You can obtain the $G=KAK$ decomposition from a decomposition of the type $F=UR$. To avoid unnecessary complications, let's assume that our reductive group $G$ is a selfadjoint subgroup of $\operatorname{GL}(n,\mathbb{R})$. Then the map $g \mapsto g^{-t}$ is an involution of $G$, which is called the Cartan involution and is typically denoted by $\theta$. The first observation to make is that the fixed-point set $K = \{ g \in G \colon \theta(g)=g \}$ of $\theta$ is a maximal compact subgroup of $G$. For example, if $G=\operatorname{GL}(n,\mathbb{R})$, then $K=\operatorname{O}(n)$.

Next we observe that $\theta$ induces an involution (also denoted by $\theta$) at the Lie algebra level: explicitly, this is the map $X \mapsto -X^t$. If $\mathfrak{p}$ denotes the $-1$-eigenspace of this latter involution, then one has the following result.

The map $K \times \mathfrak{p} \to G$ given by $(k, X) \mapsto k e^X$ is a diffeomorphism.

In particular, every $g \in G$ can be expressed as $k e^X$ for some $k \in K$ and $X \in \mathfrak{p}$. This decomposition is known as the Cartan decomposition; it is a generalization of the polar decomposition to $G$ (and is, I presume, the $F=UR$ decomposition stated in the OP). Indeed, if $G = \operatorname{GL}(n,\mathbb{R})$, then $\mathfrak{p}$ is just the set of symmetric matrices, and thus the set $\exp \mathfrak{p}$ consists of symmetric, positive semidefinite matrices.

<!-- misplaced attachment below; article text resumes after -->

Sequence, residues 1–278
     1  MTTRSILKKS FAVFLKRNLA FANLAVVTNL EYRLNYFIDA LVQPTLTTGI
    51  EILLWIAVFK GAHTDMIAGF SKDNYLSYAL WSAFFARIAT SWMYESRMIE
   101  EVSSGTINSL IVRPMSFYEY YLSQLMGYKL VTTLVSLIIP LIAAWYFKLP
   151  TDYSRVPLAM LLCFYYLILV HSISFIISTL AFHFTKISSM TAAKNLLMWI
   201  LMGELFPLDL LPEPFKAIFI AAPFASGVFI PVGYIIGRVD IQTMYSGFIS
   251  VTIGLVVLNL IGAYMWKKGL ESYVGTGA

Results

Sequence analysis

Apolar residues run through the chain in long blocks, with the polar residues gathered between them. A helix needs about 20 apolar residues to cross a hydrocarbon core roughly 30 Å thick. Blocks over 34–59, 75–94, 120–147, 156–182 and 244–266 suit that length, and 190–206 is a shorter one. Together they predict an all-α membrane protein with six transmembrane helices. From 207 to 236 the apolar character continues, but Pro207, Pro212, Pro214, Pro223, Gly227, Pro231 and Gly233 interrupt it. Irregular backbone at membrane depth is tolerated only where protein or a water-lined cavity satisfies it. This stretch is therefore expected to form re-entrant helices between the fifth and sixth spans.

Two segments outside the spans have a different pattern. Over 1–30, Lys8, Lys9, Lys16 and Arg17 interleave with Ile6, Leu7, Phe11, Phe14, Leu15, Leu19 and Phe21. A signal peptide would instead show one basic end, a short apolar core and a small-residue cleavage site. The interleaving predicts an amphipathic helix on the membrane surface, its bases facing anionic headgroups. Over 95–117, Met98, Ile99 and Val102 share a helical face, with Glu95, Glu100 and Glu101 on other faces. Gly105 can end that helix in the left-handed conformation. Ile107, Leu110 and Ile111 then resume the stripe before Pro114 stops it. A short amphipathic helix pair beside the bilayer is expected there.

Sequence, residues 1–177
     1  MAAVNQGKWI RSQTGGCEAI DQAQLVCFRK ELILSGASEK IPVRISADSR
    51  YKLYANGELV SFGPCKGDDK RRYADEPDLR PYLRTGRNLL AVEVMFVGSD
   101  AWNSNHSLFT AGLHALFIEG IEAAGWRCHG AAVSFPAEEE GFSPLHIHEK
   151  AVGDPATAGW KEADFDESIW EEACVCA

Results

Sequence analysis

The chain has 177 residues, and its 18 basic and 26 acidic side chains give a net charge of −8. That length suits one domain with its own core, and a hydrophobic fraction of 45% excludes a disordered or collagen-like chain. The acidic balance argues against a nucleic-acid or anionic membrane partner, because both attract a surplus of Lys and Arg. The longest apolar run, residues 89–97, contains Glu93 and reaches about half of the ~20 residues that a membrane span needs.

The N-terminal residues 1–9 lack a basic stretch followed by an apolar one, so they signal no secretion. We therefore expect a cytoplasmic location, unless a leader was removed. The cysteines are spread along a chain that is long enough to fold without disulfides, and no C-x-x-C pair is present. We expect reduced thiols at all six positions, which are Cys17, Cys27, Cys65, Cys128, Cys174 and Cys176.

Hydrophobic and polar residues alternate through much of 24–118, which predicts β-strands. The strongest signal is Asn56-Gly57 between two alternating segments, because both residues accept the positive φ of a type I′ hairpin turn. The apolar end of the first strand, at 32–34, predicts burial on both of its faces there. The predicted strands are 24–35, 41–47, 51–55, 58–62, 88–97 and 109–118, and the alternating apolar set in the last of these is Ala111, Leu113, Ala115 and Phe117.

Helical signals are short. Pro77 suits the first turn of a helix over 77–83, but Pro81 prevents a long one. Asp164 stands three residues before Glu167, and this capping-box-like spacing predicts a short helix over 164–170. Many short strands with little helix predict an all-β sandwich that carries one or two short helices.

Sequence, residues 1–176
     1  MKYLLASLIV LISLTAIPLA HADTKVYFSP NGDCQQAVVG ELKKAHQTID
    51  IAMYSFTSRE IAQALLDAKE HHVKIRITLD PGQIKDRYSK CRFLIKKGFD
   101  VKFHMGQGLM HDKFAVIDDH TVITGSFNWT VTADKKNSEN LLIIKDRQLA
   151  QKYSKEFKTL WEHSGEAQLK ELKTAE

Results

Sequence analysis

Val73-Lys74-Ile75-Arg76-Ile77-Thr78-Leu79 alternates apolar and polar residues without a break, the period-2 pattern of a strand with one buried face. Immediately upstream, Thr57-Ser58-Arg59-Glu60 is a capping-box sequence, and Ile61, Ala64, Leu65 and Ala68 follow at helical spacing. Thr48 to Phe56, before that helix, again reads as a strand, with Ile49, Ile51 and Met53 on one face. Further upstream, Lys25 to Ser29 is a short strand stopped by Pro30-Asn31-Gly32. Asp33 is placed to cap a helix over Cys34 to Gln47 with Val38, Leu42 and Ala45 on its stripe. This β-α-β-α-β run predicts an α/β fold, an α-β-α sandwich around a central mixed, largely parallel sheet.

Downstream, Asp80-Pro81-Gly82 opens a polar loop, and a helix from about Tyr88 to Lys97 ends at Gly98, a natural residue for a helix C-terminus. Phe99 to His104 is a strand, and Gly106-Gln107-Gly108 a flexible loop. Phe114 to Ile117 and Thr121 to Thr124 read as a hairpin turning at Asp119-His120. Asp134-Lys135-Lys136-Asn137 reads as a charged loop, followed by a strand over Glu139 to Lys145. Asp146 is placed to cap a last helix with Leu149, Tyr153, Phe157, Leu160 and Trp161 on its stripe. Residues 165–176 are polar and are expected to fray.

Now let $\mathfrak{a}$ denote a maximal abelian subspace of $\mathfrak{p}$. Then it can be shown that $A = \exp \mathfrak{a}$ is a closed abelian subgroup of $G$ with Lie algebra $\mathfrak{a}$. It can also be shown that $\mathfrak{a}$ is unique up to conjugacy via an element of $K$. That is to say, if $\mathfrak{a}'$ is another maximal abelian subspace of $\mathfrak{p}$, then there is a $k \in K$ such that $\text{Ad}(k) \mathfrak{a} = \mathfrak{a}'$. With this information we can obtain the decomposition $G=KAK$: given $g \in G$, one observes that $p=gg^t \in \exp \mathfrak{p}$, say $p=e^X$. Thus there is a $k \in K$ such that $\text{Ad}(k)X \in \mathfrak{a}$, and then $e^{-\text{Ad}(k)X/2}kg \in K$ (because it is fixed by $\theta$), whence $g \in KAK$.

This hopefully alleviates your 3-terms-vs-2-terms issue.

I'm not aware of any relationship between the Iwasawa decomposition and the $KAK$ (polar) decomposition.